The Big Four of Rafael Nadal, Novak Djokovic, Roger Federer and Andy Murray – all former US Open champions – have emerged once more as favorites to claim the men’s title at the 2014 US Open. Having already captured the title in Flushing, these men know what it takes to string seven matches together amid the myriad distractions that inevitably accompany the two weeks of a Grand Slam – and that oftentimes provides the ultimate advantage.
That’s a hurdle that emerging young stars such as Grigor Dimitrov and Milos Raonic still need to clear, and it’s one that Federer’s Swiss countryman, Stanislas Wawrinka, winner of this year’s Australian Open, still needs to surpass if this Big Four is to become a Fab Five.
Here’s where the recent champs stand as the Open approaches:
Novak Djokovic: Opponents know this about Djokovic: winning a US Open title almost assuredly means having to beat the remarkably consistent Serb along the way. The 2011 US Open winner and five-time Open finalist – including the last four in a row – comes to New York carrying a streak of 13 Grand Slam events dating back to the 2011 French Open in which he has either a) won the tournament (five times), or b) lost to the eventual winner. The 27-year-old has won titles on all three surfaces in 2014 and has earned the Open’s top seed for the third time in four years. Add in the fact that Djokovic swept both American hard-court Masters in the spring – in Indian Wells and Miami – and he seems a solid pick to be playing in Flushing’s final weekend again in 2014.
Roger Federer: Not since Andre Agassi in 2005 has a player past the age of 30 reached a US Open final, but Federer, who turned 33 on Aug. 8, will play in his 15th main draw looking to do just that – and claim what would be an Open era-best sixth title at the American Slam. Federer hadn’t reached a major final in two years before advancing to the championship match at Wimbledon’s in July, pushing Djokovic to five tough sets. During his Wimbledon run, the all-time leader in Grand Slam singles titles looked very much like the Federer of old, dropping just one set in six matches before the showdown with Djokovic. Federer also has won a pair of titles in 2014, in Dubai and Halle, propelling himself to No. 3 in the world.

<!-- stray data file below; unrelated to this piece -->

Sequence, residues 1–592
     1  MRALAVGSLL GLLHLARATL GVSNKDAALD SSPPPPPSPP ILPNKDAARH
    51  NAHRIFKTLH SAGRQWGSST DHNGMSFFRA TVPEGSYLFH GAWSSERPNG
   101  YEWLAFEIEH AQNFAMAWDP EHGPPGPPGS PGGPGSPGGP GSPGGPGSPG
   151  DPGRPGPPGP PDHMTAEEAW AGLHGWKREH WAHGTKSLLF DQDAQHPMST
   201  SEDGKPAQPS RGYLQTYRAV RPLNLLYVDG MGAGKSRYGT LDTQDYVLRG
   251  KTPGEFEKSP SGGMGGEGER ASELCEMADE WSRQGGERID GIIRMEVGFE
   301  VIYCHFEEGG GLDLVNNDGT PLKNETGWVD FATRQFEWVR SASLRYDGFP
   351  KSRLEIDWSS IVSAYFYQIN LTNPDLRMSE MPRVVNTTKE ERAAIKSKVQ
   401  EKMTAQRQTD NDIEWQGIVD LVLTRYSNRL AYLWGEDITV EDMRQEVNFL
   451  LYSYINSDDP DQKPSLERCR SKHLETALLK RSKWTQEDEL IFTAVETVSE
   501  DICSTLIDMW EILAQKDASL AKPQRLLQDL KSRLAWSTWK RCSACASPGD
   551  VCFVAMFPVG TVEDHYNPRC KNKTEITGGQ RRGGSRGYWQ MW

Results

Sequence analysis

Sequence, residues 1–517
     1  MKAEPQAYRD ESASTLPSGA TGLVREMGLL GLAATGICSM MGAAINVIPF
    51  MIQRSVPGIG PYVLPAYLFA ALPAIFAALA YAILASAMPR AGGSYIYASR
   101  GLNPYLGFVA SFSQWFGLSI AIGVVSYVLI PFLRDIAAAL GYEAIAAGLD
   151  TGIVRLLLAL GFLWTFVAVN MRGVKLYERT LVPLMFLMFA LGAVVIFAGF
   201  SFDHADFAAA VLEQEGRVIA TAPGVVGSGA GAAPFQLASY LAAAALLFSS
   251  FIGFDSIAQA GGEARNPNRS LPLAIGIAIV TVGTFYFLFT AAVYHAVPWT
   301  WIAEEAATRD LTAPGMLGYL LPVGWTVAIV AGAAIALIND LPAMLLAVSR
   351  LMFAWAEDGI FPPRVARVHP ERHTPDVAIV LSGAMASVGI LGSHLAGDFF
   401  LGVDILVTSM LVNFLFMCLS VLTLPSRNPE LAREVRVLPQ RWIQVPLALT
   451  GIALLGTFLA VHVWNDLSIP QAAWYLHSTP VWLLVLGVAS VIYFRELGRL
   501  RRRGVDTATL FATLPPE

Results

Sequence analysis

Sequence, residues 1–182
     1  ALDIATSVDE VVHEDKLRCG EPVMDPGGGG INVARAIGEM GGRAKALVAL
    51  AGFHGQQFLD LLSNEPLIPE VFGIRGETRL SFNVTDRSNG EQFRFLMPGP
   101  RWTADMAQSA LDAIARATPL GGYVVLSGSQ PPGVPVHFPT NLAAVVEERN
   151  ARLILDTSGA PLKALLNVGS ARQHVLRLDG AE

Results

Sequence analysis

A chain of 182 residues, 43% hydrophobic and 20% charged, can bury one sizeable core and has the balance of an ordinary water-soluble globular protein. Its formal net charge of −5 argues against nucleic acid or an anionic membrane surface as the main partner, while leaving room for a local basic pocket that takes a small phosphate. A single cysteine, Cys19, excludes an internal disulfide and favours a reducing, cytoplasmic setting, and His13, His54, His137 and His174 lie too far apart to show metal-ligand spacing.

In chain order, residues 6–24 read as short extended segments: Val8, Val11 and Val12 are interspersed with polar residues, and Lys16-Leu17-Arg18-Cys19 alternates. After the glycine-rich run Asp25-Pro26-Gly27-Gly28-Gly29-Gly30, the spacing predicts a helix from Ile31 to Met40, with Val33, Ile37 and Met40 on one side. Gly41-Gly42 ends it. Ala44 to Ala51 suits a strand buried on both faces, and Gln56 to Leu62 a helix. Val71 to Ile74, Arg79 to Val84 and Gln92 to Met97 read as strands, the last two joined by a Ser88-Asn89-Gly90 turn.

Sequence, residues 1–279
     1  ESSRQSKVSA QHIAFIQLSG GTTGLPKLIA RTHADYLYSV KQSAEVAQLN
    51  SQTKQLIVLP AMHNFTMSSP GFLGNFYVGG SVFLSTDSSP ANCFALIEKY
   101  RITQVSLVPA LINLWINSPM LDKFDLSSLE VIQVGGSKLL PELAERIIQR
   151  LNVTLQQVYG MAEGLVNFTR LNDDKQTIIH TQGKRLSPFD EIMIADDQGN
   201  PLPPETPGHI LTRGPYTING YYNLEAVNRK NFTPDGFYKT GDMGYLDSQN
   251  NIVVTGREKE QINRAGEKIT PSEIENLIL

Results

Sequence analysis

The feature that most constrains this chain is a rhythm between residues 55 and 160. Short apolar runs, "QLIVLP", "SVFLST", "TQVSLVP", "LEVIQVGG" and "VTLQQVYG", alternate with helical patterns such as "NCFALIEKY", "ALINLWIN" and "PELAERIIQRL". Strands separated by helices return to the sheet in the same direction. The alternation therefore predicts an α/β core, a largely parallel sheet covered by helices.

Andy Murray: Murray, 27, has endured a trying 2014 campaign, starting with his springtime separation from coach Ivan Lendl. He turned to Amelie Mauresmo after losing in the French Open semifinals, making the former Australian Open and Wimbledon winner the first woman to guide a men’s Grand Slam champion. Still, the Scot saw his 17-match win streak at the All-England Club snapped in the Wimbledon quarterfinals, where he lost to Dimitrov. Murray hasn’t won a tournament all season, nor has he reached a final. Yet he’s healthy and heading back to the tournament he calls his favorite. In New York, he’ll no doubt be eager to rebound and attempt to rise back toward Top 5 status – and as a former champion and a two-time finalist, he has good memories to draw on as he makes that charge.
Rafael Nadal: Since reigning US Open champion Nadal took his ninth Roland Garros title in June, the summer has gone from disappointing to debilitating. He lost to teenager Nick Kyrgios in the fourth round at Wimbledon. Then, at the end of July, the 28-year-old injured his right wrist and withdrew from both the Rogers Cup and the Western & Southern Open, tournaments at which he also was defending champion. He’s currently practicing while wearing a cast to protect the wrist, hoping that the extra weeks away from competition will help him heal in time for New York. If healthy, he will be tough to beat. In fact, Nadal has reached the final at the last three Opens in which he’s played – he also sat out with an injury in 2012 – winning twice.
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